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The Soul of A New Machine Paperback – June 1, 2000
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The computer revolution brought with it new methods of getting work done--just look at today's news for reports of hard-driven, highly-motivated young software and online commerce developers who sacrifice evenings and weekends to meet impossible deadlines. Tracy Kidder got a preview of this world in the late 1970s when he observed the engineers of Data General design and build a new 32-bit minicomputer in just one year. His thoughtful, prescient book, The Soul of a New Machine, tells stories of 35-year-old "veteran" engineers hiring recent college graduates and encouraging them to work harder and faster on complex and difficult projects, exploiting the youngsters' ignorance of normal scheduling processes while engendering a new kind of work ethic.
These days, we are used to the "total commitment" philosophy of managing technical creation, but Kidder was surprised and even a little alarmed at the obsessions and compulsions he found. From in-house political struggles to workers being permitted to tease management to marathon 24-hour work sessions, The Soul of a New Machine explores concepts that already seem familiar, even old-hat, less than 20 years later. Kidder plainly admires his subjects; while he admits to hopeless confusion about their work, he finds their dedication heroic. The reader wonders, though, what will become of it all, now and in the future. --Rob Lightner --This text refers to an out of print or unavailable edition of this title.
From Library Journal
Pulitzer Prize winner Kidder's 1981 volume was published when mini-supercomputers were still the stuff of science fiction. How the world has turned. Though technology has grown immeasurably since then, this volume still serves as an interesting history of the machine that conquered the world.
Copyright 1997 Reed Business Information, Inc. --This text refers to an out of print or unavailable edition of this title.
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Top customer reviews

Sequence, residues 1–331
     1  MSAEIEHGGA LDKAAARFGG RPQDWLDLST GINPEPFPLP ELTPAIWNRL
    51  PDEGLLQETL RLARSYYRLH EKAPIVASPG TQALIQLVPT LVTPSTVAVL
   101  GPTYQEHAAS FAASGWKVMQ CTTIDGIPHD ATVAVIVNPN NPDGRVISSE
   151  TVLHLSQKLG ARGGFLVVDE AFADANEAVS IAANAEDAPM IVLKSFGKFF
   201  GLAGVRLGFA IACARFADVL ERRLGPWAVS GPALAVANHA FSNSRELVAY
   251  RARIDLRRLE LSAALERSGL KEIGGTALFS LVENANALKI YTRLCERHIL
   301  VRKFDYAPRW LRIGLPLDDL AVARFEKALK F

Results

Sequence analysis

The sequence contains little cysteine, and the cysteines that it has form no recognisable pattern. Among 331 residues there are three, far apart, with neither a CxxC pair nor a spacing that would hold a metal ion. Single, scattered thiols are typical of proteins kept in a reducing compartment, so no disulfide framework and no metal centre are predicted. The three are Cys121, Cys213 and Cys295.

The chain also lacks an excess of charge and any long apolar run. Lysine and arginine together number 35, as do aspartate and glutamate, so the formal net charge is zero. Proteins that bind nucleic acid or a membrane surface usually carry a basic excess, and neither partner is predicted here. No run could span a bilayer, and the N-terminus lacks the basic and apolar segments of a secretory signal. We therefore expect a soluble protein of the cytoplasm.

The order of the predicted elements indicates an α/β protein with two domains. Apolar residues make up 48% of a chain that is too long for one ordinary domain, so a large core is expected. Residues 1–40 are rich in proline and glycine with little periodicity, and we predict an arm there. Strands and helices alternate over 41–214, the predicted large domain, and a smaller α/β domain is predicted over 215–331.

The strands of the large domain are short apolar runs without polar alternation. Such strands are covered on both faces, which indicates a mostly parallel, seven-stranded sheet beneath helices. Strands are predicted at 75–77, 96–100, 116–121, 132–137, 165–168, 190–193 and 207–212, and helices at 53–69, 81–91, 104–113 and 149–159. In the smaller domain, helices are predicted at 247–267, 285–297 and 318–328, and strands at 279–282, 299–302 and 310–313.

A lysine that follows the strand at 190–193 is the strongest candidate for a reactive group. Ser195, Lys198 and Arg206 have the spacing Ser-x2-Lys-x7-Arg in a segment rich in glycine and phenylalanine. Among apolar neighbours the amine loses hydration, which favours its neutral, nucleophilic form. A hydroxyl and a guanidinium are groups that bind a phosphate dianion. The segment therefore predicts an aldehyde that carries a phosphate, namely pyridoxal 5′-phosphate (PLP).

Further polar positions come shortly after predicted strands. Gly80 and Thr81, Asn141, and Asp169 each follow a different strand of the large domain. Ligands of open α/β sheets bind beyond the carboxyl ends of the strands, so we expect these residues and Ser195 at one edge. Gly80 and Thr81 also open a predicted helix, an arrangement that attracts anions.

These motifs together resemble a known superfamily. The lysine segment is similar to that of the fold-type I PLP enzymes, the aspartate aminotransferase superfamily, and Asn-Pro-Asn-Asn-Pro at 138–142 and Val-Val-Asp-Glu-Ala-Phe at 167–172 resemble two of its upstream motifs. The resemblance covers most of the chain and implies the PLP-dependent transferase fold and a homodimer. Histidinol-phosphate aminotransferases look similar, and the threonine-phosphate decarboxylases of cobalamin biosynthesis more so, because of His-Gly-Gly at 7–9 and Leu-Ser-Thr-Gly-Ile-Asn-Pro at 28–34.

That was nearly thirty years ago.
Recently, I mentioned this book in a conversation with a colleague and subsequently decided to read it again. I hoped it would be as good as I thought it was the first time, but I was skeptical. Technology has changed a lot; and both the MV/8000 and Data General Corporation are now long gone. Would "The Soul of a New Machine" still be as gripping a story as it was originally? The answer, in a word, is YES!
In rereading the book in 2011, I was struck by the diversity of the team engaged in this effort, the various work methods and styles that had to come together for success. Kidder introduces the reader to a wonderful cast of characters who worked incredible hours and faced enormous time pressures under great stress for months and months to birth a new computer.
It may sound simple, but it wasn't. "The Soul of a New Machine" is a gripping, circuitous, wonderful tale of a dream and the team that brought it to life.
At the end of this book I found myself split on two separate opinions:
1. The ability for a team to come together and against all expectations to produce something faster then anyone expected. This was an amazing feat.
2. Given the right circumstances, a strong leader, fresh college graduates, managers willing to push, and a lofty high goal, a team and it's members can be pushed to work 80 to 100 hours a week for years to achieve said lofty goal for a company that only pays them for 40 hours a week. It's shows the ability to create/exploit cult like behavior to create something new.
I have no doubt that a similar story could be made for countless products. We hear stories of the first Macintosh and iPhone, and how much work and sacrifice was put into these products. We praise the iPhone and Mac as being revolutionary products, but what if in the end it was just a normal product. This is the story of that machine.
In the early 80s such was not the case. Data General, left the stage in 1999 when it was acquired by another company. But when it was making new computers, and the men assigned to make new computers, that was a time little grasped by the world.
Kidder is able to inform us of that time, but then he also goes to extremes such as always describing like a terrible dime store mystery, each member of the team when he introduces them. What he thinks might be infusing these sketches with depth actually reads like details from an index card that have to be injected in a particular order.
Then, he does not seem to have a computer persons understanding of a computer. He breaks up the distinction between hardware and software and thinks he gives us and overview of what the two are doing but as a geek, as a writer of software and a electronics lab guy in high school, I am at a loss to understand what he was trying to say. That disconnect just does not hold up. We want to understand more about the boards constructed and how system language was so important on a new 32 bit project.
Kidder captures that a team went in and built a computer that had not been built before, but there were other 32 bit computers out there already and profiling the first, the challenges to overcome from 16 bit to 32 bit, or really focusing on why this 32 bit was so much better, was needed. This is not anywhere near the iconic Insanely Great. And for that it suffers.
This is a great book, one of the best on a management style that returns real results. It is as valid today, probably even more so today, than it was in the 1980s.